The Long Ride (1961) is another corker from James McKimmey, who may be my personal favourite discovery of 2015. The story begins with a Midwestern bank robbery - one that goes horribly (bloodily) awry. The suitcase o' loot winds up in the hands of a complete bystander, a bitter young man.
One thing leads to another, and our 'innocent', an undercover FBI agent, and the bank robber all wind up sharing a car out to San Francisco. All, of course, under assumed identities and with (theoretically) no knowledge of the others. Also in the mix - and the car: four innocent (?) women, each with their own quests, motivations and suspicious backgrounds.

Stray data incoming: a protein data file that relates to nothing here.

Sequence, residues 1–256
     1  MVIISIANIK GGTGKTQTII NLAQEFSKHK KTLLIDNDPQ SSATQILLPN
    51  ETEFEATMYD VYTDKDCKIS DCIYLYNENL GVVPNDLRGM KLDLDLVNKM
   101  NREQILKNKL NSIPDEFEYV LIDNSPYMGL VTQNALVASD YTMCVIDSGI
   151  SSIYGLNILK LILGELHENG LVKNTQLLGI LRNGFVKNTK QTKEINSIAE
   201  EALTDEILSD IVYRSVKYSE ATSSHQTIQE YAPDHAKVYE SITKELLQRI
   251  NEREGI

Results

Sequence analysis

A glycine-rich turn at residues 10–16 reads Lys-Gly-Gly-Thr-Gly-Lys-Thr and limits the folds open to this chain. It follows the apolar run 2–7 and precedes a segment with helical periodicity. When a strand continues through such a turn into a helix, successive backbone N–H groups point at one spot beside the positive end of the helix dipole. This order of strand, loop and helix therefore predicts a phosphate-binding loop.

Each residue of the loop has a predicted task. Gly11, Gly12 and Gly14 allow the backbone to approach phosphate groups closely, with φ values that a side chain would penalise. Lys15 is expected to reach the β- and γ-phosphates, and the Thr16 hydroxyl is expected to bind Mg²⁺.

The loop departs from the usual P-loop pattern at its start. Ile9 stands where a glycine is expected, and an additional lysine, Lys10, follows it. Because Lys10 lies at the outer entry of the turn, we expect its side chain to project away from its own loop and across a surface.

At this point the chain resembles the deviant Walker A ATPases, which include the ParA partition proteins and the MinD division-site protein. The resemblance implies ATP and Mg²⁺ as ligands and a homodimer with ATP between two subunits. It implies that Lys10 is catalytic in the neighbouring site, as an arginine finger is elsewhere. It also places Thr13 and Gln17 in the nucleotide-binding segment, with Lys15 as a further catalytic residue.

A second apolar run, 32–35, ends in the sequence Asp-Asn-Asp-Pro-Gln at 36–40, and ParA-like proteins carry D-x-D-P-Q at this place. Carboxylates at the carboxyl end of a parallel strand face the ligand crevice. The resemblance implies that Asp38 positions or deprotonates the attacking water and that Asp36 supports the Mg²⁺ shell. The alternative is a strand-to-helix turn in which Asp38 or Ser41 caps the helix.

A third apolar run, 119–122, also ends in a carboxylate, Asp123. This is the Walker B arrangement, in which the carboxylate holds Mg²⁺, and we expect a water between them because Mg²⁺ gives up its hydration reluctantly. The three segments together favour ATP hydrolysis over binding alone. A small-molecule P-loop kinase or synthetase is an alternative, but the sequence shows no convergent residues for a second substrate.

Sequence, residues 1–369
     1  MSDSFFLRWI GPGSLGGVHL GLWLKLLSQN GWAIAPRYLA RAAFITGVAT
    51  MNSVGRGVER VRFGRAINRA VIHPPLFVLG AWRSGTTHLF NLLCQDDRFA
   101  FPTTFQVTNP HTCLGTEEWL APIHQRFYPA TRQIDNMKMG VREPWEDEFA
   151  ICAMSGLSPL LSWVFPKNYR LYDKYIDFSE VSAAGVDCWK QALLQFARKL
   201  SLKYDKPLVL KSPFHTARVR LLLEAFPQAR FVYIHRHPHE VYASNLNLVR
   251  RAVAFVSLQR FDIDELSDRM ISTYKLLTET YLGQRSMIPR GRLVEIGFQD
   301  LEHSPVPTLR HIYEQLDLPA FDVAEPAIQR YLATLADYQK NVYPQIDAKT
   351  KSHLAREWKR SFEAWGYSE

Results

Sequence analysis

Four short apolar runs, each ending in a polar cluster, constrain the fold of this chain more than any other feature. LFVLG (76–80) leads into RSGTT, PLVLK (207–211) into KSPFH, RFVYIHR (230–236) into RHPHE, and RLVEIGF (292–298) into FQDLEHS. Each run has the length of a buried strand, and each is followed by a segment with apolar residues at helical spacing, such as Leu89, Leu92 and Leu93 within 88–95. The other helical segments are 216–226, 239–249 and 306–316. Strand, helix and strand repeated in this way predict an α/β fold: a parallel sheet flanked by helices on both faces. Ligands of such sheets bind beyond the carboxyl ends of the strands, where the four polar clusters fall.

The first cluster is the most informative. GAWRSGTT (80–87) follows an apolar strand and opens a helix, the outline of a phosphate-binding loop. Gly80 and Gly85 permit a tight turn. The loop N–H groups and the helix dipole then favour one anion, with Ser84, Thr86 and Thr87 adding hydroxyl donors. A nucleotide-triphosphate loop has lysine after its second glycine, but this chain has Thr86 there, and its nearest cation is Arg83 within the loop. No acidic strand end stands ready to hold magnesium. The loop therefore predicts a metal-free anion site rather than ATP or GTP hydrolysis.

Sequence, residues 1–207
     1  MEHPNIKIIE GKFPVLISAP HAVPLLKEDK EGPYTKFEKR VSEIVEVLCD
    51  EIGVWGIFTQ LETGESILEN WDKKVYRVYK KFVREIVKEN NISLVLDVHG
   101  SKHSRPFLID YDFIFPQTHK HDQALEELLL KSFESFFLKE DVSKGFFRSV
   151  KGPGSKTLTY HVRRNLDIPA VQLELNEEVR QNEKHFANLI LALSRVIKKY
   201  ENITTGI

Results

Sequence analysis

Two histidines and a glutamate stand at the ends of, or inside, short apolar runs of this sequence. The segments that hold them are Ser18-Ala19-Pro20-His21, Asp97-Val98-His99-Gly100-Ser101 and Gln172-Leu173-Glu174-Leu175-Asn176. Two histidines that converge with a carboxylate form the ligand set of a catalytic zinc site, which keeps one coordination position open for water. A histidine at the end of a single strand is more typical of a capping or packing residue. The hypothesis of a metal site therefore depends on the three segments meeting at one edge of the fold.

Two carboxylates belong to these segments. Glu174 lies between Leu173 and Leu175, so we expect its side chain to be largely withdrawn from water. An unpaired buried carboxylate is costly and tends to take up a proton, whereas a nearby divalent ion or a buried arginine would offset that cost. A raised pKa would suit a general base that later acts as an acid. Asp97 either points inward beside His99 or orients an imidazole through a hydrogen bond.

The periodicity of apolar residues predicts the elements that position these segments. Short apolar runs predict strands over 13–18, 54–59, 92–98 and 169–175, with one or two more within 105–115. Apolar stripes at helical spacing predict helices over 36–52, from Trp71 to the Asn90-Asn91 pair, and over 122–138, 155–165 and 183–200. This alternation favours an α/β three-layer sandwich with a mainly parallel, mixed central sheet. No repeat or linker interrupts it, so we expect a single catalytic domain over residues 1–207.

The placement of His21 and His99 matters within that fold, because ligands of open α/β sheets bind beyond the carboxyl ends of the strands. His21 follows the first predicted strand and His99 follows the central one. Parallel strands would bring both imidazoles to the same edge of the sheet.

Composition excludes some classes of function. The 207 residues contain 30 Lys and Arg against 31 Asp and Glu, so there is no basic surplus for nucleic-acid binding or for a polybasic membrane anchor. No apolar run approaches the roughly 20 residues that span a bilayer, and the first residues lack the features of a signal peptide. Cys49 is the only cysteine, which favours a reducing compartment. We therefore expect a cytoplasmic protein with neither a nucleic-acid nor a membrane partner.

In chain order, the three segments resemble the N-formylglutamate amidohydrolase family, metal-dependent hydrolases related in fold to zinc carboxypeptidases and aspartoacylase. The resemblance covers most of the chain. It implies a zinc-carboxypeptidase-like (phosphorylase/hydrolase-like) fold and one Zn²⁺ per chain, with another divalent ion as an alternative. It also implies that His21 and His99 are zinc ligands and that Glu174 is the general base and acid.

What follows is a road trip equal parts tense and comedic. Wells, the murderous bank robber, is a particularly chilling villain, a calculator of a man, with absolutely no regard for human life. By contrast, Allan is a hot mess, a small-time chiseler that's completely over his head. Sadly, John, the agent and our ostensible protagonist, is the dullest of the three men, and even the dash of romance inserted into his point of view chapters fails to liven him up. But his phlegmatic perspective gives the reader a relatively balanced view of the happenings, especially as Wells and Allan lose their respective grips on sanity.